Luetkemeyer, a member of the House Financial Services Committee and leader in the fight to end Operation Choke Point, met with FDIC Chairman Martin Gruenbery and Vice Chairman Thomas Hoenig earlier today as a follow-up to concerns voiced last November.

The Justice Department contends that Operation Choke Point combats unlawful, mass-market consumer fraud by "choking" their access to banking systems. But a report by the House Oversight Committee found the program's targets, under direction of the FDIC, included legal businesses such as short-term lenders, firearms and ammunition merchants, coin dealers, tobacco sellers and home-based charities.

To address concerned raised about Operation Choke Point, the FDIC will now require bank examiners to put in writing any recommendation or requirement for an account termination.

The examiner will also be required to indicate what law or regulation they believe the bank or the customer of the bank is violating.

The policy shift was announced today in an official Financial Institution Letter sent to all FDIC supervisory staff. In it, the FDIC states:

The FDIC is aware that some institutions may be hesitant to provide certain types of banking services due to concerns that they will be unable to comply with the associated requirements of the Bank Secrecy Act (BSA). The FDIC and the other federal banking agencies recognize that as a practical matter, it is not possible for a financial institution to detect and report all potentially illicit transactions that flow through an institution.

The letter reiterates that decisions on accounts need to be made on a case-by-case basis and stresses they should not be made based on industry or moral objection.

The Daily Signal has reported multiple cases of legal business owners being dropped by their banks and payment processors simply because their industry is considered a "reputational risk."

Last December, a 20-page investigative report by the House Oversight and Government Reform Committee detailed FDIC officials working closely with the Justice Department to implement Operation Choke Point.

Emails unearthed by investigators showed employees scheming to influence banks' decisions on who to do business with by labeling certain industries "reputational risks," ensuring banks "get the message" about the businesses the regulators don't like, and pressuring banks to cut credit or close those accounts, effectively discouraging entire industries.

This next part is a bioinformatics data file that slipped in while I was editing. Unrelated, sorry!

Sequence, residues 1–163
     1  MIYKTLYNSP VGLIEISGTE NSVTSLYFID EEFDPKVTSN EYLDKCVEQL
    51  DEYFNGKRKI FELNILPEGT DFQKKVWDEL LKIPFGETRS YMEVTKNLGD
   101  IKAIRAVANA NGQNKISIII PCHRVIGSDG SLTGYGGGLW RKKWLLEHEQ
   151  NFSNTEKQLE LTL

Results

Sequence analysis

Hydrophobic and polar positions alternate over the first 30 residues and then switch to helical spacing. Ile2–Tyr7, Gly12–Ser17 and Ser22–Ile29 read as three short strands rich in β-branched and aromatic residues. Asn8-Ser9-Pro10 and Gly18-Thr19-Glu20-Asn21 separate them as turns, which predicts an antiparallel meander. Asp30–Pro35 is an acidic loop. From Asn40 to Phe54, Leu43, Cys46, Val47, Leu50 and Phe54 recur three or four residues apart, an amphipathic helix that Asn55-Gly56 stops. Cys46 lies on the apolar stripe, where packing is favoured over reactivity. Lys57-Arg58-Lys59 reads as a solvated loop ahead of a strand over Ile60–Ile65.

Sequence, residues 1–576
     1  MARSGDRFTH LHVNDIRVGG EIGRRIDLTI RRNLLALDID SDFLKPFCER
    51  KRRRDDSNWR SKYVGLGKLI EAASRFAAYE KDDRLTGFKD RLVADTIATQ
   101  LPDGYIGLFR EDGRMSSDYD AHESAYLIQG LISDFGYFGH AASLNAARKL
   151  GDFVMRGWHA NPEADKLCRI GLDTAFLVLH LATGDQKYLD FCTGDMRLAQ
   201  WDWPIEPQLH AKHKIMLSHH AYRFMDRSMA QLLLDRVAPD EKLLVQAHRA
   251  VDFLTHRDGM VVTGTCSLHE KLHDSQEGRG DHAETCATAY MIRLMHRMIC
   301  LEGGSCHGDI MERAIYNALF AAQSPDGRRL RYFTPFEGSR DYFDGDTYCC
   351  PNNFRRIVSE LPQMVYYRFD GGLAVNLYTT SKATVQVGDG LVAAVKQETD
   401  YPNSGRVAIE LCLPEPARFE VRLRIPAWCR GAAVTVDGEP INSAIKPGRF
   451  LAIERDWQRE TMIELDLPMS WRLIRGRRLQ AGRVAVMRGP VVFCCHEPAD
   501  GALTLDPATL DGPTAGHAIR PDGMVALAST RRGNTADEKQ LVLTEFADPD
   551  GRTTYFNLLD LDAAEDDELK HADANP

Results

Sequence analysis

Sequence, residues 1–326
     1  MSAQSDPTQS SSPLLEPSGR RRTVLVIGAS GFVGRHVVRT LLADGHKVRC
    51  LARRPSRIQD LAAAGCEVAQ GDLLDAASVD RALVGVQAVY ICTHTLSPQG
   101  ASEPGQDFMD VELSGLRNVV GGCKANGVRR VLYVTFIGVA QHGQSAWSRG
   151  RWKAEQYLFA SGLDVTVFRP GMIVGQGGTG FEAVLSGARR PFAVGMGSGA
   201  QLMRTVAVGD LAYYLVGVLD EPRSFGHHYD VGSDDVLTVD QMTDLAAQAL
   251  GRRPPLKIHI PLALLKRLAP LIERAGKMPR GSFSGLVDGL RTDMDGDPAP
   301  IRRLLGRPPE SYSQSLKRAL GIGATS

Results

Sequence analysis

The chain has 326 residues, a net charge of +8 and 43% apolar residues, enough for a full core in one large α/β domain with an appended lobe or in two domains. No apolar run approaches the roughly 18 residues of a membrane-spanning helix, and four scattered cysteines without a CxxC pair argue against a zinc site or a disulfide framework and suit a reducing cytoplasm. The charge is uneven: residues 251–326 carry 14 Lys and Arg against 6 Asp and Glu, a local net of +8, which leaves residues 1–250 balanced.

FDIC officials were also seen inserting their personal and moral opinions into banking decisions.

"The FDIC has allowed a culture within their agency to blossom that they believe it's OK to impose their personal opinions and value system in a regulatory way," says Luetkemeyer. "They are not a regulatory police-their job is to enforce the law."

Luetkemeyer left his meeting this morning pleased that the FDIC has implemented the majority of his proposed policy changes administratively, but says he still intends to move forward with a bill introduced last year that aims at ending Operation Choke Point.

Luetkemeyer says the FDIC also intends to work with the Justice Department's inspector general to investigate Operation Choke Point and hold those within the FDIC accountable for any wrongdoings.

"We're pleased that they're working with the [inspector general] so that they can change the culture of what goes on in their agency," he said. "But we're not going to take anything off of the table until we get this program stopped."



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Wireless.Phil said...

I read it and forgot it, but there is white fat and brown fat, I think it said the brown fat was good fat, but don't hold me to that.

As for being fat, in 2009 the Readers Digest published an article on the fallacies of the BMI, based on bad math, yet my last checkup at the beginning of 2014, they were still commenting about BMIs.

Wireless.Phil said...

Found it, plus I still have a complete copy I pasted into an email.

Not Reader's Digest, but in NPR.

Top 10 Reasons Why The BMI Is Bogus
JULY 04, 2009 8:00 AM ET